THE announcement of an identifiable place to raise health concerns has been considered a sign of “recognition”, despite coming more than 12 months after the Hazelwood mine fire engulfed the Latrobe Valley.
Victorian Health Minister Jill Hennesy announced about $100,000 funding for a free health clinic at Latrobe Community Health Service in Morwell at the reopening of the Hazelwood Mine Fire Inquiry last week.
A registered nurse will be available Monday to Friday at the clinic solely set-up to assess residents’ health as a result of the mine fire.
This includes respiratory health checks, cardiovascular risk assessment, waist circumference measurements, blood glucose levels and psychological assessments, with funding available for psychologist referrals.
Morwell Neighbourhood House coordinator and former independent candidate Tracie Lund, who secured more than 25,000 signatures for a long term health study into the fire, said she believed clinical support was still needed.
“People still have respiratory issues, mental health problems that need to be addressed properly that are just bubbling away under the surface as well,” Ms Lund said.
She said she could not remember the last time the community had received so many State Government commitments, acknowledging community pressure on government.
“It’s the next step in recognition for this area,” Ms Lund said.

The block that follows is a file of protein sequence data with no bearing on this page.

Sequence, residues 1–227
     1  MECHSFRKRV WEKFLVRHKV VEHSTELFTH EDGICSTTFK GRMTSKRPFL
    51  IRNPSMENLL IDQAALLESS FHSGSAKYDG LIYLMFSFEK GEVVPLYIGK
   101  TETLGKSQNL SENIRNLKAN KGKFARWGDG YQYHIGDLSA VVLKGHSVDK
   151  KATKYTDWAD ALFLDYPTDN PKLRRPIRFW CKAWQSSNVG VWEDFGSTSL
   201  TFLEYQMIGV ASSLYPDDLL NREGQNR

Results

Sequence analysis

LCHS chief executive officer Ben Leigh had no direct relationship with the Hazelwood Mine Fire Health Study, but would provide “non-personalised top line” data such as age, gender and reason for coming, to the Department of Health and Human Services.
Mr Leigh said the clinic opened on Wednesday, and while primarily offering assessments, would use funding to support general practitioner and specialist referrals.
In response to questioning about the timing of the announcement, he said the community had expressed a need for residual impacts from the mine fire and was timely considering the reopening of the Inquiry.
Latrobe Regional Hospital also welcomed the announcement, receiving $60,000 funding to support the establishment of a public lung function testing service.
LRH chief executive Peter Craighead said planning for the new service had been underway for some months and equipment was being purchased.
“The service will begin seeing patients this year,” Mr Craighead said.
The free clinic at LCHS can be accessed Monday to Friday from 8.30am to 5pm by drop in or appointment.